The parade was kicked-off by a short press conference the included ILWU Local 13 President Ray Familathe, PCPA Pensioner President Greg Mitre, Congresswoman Nanette Barragán, Congressman Alan Lowenthal, Congressman Gil Cisneros and LA County Supervisor Hilda Solis. Familathe addressed the issue of automation and technology that is affecting workers in virtually every sector of the economy, including longshore, maritime, and warehousing.

Recognizing Luisa Gratz:
ILWU Local 26 President Luisa Gratz, one of the co-founders the Wilmington Labor Day March and Picnic, spoke at the rally against automation, the need for solidarity and the importance of organizing. Gratz was thanked at the event for originating the idea of the march 40 years ago.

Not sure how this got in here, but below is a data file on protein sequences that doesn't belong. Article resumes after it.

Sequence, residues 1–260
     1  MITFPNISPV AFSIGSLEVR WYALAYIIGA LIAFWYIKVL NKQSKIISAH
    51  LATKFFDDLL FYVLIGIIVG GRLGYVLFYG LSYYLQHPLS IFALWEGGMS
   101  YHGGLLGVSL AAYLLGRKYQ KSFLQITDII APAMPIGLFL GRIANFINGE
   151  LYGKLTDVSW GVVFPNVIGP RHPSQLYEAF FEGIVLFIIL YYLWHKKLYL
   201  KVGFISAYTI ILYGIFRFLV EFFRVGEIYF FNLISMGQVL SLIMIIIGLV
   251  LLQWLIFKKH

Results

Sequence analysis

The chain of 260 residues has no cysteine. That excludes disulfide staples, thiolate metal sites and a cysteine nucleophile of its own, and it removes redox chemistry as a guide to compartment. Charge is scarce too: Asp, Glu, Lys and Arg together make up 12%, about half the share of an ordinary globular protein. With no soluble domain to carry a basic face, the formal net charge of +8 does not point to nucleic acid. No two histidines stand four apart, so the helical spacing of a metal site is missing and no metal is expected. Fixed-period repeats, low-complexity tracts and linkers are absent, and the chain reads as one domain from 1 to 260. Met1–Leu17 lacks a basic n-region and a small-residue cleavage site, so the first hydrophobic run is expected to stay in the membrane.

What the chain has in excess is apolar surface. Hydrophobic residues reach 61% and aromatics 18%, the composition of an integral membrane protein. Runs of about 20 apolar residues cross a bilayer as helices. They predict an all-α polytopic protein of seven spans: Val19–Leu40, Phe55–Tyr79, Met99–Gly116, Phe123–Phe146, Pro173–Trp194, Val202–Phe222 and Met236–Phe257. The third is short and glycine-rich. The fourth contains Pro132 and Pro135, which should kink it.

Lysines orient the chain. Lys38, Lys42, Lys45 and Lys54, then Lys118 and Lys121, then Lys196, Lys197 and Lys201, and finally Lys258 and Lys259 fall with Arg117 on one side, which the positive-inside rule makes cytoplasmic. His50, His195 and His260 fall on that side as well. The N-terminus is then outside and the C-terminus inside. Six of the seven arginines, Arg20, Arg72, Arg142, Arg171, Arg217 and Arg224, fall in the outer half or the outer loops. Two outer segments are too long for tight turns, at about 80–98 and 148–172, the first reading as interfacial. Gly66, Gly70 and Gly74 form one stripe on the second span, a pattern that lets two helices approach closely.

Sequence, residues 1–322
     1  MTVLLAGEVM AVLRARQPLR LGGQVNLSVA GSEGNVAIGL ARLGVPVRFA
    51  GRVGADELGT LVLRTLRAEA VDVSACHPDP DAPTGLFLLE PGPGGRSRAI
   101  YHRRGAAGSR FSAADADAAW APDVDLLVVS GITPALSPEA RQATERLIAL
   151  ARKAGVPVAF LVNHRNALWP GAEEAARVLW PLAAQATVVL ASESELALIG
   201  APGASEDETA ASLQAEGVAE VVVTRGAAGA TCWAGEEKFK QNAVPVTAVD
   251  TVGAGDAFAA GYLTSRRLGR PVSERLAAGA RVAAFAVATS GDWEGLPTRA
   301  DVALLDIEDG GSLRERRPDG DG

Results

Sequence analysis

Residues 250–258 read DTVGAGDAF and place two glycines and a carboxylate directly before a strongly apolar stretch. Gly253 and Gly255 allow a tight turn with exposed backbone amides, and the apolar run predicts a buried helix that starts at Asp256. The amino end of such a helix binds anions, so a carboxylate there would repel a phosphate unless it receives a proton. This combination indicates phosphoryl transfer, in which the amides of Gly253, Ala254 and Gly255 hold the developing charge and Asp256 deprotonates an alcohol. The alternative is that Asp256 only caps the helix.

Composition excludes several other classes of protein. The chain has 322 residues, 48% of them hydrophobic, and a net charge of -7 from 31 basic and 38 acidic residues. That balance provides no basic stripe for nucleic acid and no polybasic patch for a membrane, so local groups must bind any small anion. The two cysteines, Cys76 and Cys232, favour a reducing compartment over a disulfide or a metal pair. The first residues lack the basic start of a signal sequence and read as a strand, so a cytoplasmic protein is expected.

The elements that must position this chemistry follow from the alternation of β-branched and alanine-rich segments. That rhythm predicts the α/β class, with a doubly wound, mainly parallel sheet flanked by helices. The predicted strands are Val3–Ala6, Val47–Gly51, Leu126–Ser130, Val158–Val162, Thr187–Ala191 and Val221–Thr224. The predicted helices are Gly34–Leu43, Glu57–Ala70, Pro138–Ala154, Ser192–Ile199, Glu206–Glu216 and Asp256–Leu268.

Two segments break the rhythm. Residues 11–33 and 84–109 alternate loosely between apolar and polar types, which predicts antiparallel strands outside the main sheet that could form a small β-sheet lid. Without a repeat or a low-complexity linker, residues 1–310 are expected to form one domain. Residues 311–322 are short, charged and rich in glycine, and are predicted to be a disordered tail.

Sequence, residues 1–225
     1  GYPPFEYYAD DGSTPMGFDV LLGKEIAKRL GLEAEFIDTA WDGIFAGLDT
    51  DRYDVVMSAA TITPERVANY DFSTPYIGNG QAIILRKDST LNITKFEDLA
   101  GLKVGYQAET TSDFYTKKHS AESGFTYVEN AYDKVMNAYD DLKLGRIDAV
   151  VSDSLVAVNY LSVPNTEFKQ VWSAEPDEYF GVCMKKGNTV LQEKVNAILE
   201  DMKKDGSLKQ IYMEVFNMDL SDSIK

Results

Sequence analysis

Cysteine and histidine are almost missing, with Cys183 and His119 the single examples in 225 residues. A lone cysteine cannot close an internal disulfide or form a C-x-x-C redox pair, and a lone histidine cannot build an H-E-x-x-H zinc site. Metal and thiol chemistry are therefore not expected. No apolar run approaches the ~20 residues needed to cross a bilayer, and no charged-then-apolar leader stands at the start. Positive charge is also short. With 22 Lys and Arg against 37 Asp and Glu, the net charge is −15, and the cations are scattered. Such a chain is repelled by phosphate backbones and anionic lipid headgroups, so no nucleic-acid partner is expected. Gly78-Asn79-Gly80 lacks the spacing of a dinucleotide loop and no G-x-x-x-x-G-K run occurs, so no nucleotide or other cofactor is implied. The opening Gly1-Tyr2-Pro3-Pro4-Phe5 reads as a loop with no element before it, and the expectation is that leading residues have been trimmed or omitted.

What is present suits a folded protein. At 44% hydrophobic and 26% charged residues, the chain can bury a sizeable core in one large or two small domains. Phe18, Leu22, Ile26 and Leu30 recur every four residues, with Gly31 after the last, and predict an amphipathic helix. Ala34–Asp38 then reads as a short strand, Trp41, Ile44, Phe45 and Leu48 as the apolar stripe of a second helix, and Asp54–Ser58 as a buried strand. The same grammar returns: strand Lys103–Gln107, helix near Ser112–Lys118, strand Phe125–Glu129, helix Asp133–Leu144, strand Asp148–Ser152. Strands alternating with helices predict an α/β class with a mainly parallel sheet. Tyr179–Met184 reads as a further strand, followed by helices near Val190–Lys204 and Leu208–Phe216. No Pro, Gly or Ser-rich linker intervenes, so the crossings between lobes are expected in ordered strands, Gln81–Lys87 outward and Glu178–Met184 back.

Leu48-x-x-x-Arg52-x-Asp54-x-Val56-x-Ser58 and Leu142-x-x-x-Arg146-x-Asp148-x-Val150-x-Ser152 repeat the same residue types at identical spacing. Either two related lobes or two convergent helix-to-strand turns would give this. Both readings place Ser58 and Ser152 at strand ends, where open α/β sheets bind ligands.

“We are here to send a message that workers are not going to be forgotten. We need to be included as we move forward,” Familathe said. “We need a just transition with new technology and automation. Robots don’t pay taxes and don’t shop in the local community.”

The parade was led by the ILWU Southern California Pensioners who followed behind the Color Guard. The pensioners rode on a flatbed truck and tossed candy to hundreds of children and families who lined Avalon Blvd to watch the parade. Thousands of union members marched with motorcycle clubs, marching bands, classic cars, and low-riders. The march ended in Wilmington’s Banning Park where firefighters cooked over 5,000 hot dogs. Sno-cones, cold sodas and popsicles awaited the marchers as they streamed into the park. Live music was provided by the Brian Young Blues Station and The Topics. A special section of the park was set aside for kids with games, face painting, and other activities.